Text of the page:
Unassuming yet full of character, starlings are a garden staple. Their dark, iridescent plumage, pointed bill and lively walk mark them as handsome birds, but their real wow-factor is in their get togethers.

What is a murmuration of starlings?

The milder weather in the UK is a big draw for small birds escaping harsh winter weather, but there's also strength in numbers. During the winter months starlings form large communal roosts in trees, reed beds or human structures, grouping together for warmth and safety. 

As daylight begins to fade, thousands of birds arrive in small flocks above a roosting site, coming together into a swirling mass of birds that twists and turns through the air. The incredible shapes they make in the air are known as murmurations and are thought to help evade attacks from birds of prey.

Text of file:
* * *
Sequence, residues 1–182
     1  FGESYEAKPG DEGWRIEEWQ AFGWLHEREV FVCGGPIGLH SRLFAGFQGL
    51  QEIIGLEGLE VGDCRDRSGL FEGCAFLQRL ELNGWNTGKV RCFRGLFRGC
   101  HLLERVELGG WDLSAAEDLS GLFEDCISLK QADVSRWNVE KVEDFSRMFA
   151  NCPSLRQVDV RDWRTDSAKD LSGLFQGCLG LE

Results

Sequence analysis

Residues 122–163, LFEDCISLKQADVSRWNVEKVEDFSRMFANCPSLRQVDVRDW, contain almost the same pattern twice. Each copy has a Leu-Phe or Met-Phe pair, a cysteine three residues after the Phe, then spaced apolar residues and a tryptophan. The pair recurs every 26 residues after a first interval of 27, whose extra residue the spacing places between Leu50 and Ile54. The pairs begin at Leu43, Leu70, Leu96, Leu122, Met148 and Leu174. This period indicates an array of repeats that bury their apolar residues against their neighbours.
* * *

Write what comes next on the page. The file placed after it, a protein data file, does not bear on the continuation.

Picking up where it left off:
Once the birds are satisfied that the coast is clear, birds will peel off from the main group in coordinated descents, settling into the roost with a loud flurry of wings and chattering – a spectacle in itself!

Where to see a starling murmuration

Flocks of starlings can often be seen coming into roost over towns across the UK in autumn, as well as at nature reserves with good roosting cover.

The number of starlings roosting at well-known sites varies from year to year, so it can be useful to check online forums for up to date information. Always arrive well before dusk for your best chance of seeing the full spectacle.

Famous murmuration sites include:

  • Shapwick Heath, Somerset
  • Aberystwyth Pier, Ceredigion
  • Brighton Pier, Sussex
  • Leighton Moss, Lancashire
  • Fen Drayton, Cambridgeshire
  • Minsmere, Suffolk

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